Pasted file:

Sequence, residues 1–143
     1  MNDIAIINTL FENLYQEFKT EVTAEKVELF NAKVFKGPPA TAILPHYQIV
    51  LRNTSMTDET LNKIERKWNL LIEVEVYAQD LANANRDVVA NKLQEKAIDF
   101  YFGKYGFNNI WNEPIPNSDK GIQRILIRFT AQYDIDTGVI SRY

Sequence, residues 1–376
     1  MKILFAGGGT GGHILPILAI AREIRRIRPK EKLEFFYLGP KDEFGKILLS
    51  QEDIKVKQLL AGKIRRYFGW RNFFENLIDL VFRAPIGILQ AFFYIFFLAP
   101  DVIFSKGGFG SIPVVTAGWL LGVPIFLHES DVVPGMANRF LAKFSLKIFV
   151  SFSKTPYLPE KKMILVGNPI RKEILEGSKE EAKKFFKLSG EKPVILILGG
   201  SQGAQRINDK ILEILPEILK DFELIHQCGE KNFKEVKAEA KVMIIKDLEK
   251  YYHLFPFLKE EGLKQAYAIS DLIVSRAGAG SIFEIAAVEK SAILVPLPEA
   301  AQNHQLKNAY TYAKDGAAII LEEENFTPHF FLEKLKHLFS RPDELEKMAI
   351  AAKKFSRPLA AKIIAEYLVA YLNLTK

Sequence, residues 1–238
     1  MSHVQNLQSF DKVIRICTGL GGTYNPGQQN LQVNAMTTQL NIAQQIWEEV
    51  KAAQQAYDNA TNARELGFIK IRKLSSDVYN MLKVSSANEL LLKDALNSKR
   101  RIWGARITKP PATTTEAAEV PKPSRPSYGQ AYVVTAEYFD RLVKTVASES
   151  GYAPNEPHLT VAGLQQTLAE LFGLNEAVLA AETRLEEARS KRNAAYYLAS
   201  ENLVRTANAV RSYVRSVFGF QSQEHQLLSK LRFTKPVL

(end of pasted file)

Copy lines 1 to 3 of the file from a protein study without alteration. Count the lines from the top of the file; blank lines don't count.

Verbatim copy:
Sequence, residues 1–143
     1  MNDIAIINTL FENLYQEFKT EVTAEKVELF NAKVFKGPPA TAILPHYQIV
    51  LRNTSMTDET LNKIERKWNL LIEVEVYAQD LANANRDVVA NKLQEKAIDF